Feb 2018 Daily Mail Australia
When actress Amanda Barrie recently starred in Celebrity Big Brother, she didn’t pack her hearing aids to take into the house. The decision wasn’t because she was embarrassed to be seen wearing them – but because they are so tiny, she was afraid they’d get lost. The Coronation Street legend and vivacious 82-year-old, who is revealing for the first time that she suffers from age-related deafness, explains: ‘Hearing aids are so small these days I barely notice I’m wearing them.

‘I remember showing them off to a friend when I first had them fitted and she told me the great thing was I could cover them with my hair.’

Amada BarrieAmanda, who shot to fame in the Carry On series of films in the early 1960s, quickly regretted her decision to spend two weeks on the reality television show without being able to hear, because she was constantly asking her housemates to tell her what was going on. ‘There were all these speakers with announcements telling me to go out and do tasks – and I couldn’t hear what they were saying,’ she says. ‘I couldn’t understand what we had to do, and the whole place would get a punishment if you didn’t do it.’

The veteran actress also has a suggestion for any women feeling bashful about having hearing aids. ‘I have no problem with people knowing I wear them – they are quite pretty really,’ she says. ‘You could almost wear them instead of earrings, or perhaps as a hearing aid with an earring attached. There’s a good idea: add a bit of glitter, a hoop and a drop off the end.’ She laughs. ‘I’m sure somebody will get on to that one!’

Like many people with hearing loss, Amanda first noticed her hearing was deteriorating in a noisy restaurant where there was a lot of background sound. ‘I’d been going to Joe Allen in Covent Garden ever since it opened in 1977, and a few years back it changed location. ‘My friends and I kept on not being able to hear each other in the new restaurant. I complained that there were dreadful acoustics, and eventually thought, “Maybe it’s not the restaurant, maybe it’s me.” ’

Last year, friends encouraged Amanda to take a hearing test, which confirmed she had age-related, high-frequency hearing loss. Most of us will experience hearing loss as we age, as tiny specialised hearing hair cells in the inner ear become damaged or die.
Gordon Harrison, chief audiologist at Specsavers, says: ‘It takes on average ten years for someone to seek help, but what many people don’t realise is that the sooner you do something about it, the better your hearing is likely to be for the long term. If you need hearing aids, wearing them can help to slow the rate of deterioration.’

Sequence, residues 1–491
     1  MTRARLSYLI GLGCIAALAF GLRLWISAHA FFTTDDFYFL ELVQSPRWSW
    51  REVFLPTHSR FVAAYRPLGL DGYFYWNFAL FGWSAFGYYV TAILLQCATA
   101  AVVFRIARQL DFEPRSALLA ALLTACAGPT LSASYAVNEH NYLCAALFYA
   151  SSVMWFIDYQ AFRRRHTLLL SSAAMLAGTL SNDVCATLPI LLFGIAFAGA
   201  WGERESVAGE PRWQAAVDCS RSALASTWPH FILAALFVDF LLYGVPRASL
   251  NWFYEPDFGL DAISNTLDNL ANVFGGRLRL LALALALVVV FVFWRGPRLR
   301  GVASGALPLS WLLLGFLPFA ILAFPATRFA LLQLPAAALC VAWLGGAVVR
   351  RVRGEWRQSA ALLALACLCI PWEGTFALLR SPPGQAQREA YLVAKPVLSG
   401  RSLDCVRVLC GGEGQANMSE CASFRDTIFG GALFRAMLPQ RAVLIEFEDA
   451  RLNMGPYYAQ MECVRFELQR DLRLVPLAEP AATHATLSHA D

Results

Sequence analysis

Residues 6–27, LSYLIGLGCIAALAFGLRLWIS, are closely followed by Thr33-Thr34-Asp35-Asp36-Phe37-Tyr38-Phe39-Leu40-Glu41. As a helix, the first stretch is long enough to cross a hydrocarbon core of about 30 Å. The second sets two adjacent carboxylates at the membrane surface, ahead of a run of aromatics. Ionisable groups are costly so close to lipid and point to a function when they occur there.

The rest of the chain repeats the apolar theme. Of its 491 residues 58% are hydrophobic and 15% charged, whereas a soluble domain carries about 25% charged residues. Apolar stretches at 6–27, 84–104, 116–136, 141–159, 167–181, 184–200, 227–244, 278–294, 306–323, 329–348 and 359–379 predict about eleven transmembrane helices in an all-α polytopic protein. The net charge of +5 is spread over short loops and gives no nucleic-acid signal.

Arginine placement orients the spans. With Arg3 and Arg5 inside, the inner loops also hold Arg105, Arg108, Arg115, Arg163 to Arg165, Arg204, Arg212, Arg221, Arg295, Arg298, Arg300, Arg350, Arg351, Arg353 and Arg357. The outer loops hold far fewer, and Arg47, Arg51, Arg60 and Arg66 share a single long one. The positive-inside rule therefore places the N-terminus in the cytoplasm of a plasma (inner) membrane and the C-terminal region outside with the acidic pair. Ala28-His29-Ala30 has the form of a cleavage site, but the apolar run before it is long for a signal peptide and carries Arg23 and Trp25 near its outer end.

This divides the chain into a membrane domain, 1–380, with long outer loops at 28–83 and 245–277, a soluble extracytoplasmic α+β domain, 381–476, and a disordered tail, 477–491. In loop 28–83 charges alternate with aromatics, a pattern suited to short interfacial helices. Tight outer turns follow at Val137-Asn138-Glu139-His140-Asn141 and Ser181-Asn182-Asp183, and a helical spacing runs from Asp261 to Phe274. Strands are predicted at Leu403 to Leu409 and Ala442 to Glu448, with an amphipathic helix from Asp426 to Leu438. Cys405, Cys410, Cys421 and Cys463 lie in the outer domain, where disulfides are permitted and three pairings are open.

Amanda, whose Corrie character Alma was memorably at the centre of a tug-of-love between Mike Baldwin and Ken Barlow, wears hearing aids in both ears and they have improved her quality of life. She recognises she was unconsciously compensating for hearing loss by turning up the TV volume, leaning forward to hear friends at the table, or saying ‘Pardon?’ several times a day.

She says: ‘That’s how it came about – years of “What, what? What did you say?” But it didn’t occur to me to have a hearing test.’
Now, in an effort to normalise hearing loss and to encourage others to take a hearing test, Amanda is supporting Specsavers Audiologists’ Listen Up! Campaign and World Hearing Day on March 3.

She is urging everyone over 55 to have their hearing checked every two years, just as they would have regular eye tests. ‘You don’t have to have lost your sight before you get your eyes tested so it should be the same with hearing tests and hearing aids,’ she says. ‘Get checked before the symptoms have got to the stage when you’re really deaf. There’s no point struggling along when you could be enjoying life so much more. ‘Hearing aids really make a difference in being able to join in the conversation. I’m really pleased I did something about it.’

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Here is a link to Deafblindness support and information.
They are based in Western Australia and supported by Senses Australia.

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